The 80-inch bubble chamber at the Alternating Gradient Synchrotron was once the largest particle detector of its type in the world
Brookhaven scientists see the advantages of strong focusing with the startup of the Alternating Gradient Synchrotron (AGS), which set records by accelerating protons to 33 billion electron volts. In its first years of operation, the AGS led to the discovery of the muon neutrino, securing the 1988 Nobel Prize in Physics; the omega-minus particle, found through tracks in the 80-inch bubble chamber at AGS; and charge parity (CP) violation, key to understanding why our universe is almost completely made up of matter and not equal amounts of matter and antimatter – a discovery that led to the 1980 Nobel Prize in Physics.
Two more reactors join the Brookhaven Graphite Research Reactor: the Brookhaven Medical Research Reactor and the High Flux Beam Reactor, which produced neutrons for studies in medicine, condensed matter physics, nuclear physics, and chemistry studies. The suite of reactors (dismantled in 1968, 2000, and 1999, respectively) also allowed the first application of neutron activation autoradiography, used to analyze oil paintings, sculptures, and archaeological artifacts.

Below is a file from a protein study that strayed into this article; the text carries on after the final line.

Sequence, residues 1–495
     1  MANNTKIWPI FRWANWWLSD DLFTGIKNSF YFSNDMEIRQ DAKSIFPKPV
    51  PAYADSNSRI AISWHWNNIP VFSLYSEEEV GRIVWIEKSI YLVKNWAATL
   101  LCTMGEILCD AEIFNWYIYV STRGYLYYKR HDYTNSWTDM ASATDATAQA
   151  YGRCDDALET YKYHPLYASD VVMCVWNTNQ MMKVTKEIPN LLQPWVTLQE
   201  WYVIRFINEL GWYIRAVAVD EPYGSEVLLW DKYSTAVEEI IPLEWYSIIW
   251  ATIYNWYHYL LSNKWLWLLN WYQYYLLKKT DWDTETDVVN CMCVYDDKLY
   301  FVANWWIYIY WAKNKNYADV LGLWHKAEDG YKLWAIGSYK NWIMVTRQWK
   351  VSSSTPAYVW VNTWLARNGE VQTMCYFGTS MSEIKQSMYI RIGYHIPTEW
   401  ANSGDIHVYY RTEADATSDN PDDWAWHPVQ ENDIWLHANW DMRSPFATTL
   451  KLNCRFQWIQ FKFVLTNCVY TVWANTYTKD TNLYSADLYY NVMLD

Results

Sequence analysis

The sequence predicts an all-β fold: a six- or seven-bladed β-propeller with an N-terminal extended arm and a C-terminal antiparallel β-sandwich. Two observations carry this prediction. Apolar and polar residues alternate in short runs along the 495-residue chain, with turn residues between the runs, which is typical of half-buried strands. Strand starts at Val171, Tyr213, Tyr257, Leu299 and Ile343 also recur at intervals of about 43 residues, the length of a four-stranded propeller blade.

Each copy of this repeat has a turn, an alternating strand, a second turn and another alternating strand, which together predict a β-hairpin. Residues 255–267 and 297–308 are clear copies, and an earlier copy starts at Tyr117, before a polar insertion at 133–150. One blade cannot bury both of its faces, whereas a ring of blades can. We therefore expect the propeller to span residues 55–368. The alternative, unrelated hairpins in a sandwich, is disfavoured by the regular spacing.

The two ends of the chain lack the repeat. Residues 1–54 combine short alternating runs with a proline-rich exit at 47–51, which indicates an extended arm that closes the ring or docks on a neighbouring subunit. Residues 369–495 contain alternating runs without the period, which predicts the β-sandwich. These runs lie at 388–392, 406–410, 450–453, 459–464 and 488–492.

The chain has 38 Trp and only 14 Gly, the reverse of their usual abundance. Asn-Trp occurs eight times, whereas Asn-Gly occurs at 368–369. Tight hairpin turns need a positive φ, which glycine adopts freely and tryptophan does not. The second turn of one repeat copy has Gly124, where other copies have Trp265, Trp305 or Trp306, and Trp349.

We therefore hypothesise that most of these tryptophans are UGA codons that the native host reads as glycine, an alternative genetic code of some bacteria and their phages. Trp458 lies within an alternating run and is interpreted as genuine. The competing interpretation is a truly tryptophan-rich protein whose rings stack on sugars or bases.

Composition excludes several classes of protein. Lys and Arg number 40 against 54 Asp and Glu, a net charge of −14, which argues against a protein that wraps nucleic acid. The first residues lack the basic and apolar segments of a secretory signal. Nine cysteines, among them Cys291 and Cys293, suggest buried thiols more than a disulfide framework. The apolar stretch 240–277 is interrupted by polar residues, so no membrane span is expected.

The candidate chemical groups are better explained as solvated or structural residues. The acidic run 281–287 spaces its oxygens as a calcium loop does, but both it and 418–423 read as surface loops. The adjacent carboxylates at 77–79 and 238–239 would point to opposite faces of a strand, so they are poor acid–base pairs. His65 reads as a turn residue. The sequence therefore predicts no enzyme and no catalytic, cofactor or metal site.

About a mile under solid rock in South Dakota's Homestake Gold Mine, BNL researchers set up a chlorine-filled detector to measure neutrinos from the sun
BNL scientists determine that a ghostly type of particle called a neutrino has a spin that’s opposite to its momentum, giving it “negative helicity.” In a mine in South Dakota, BNL scientists are the first to confirm that the sun produces neutrinos, but only about one third of the number predicted by theory. The discovery of this “solar neutrino deficit” led to the 2002 Nobel Prize in Physics.
Brookhaven scientists also build a circular detector for early brain-imaging studies, a precursor to today's positron emission tomography machines; develop L-dopa as a treatment for Parkinson’s disease; and patent Maglev, the principle of superfast magnetically levitated transportation.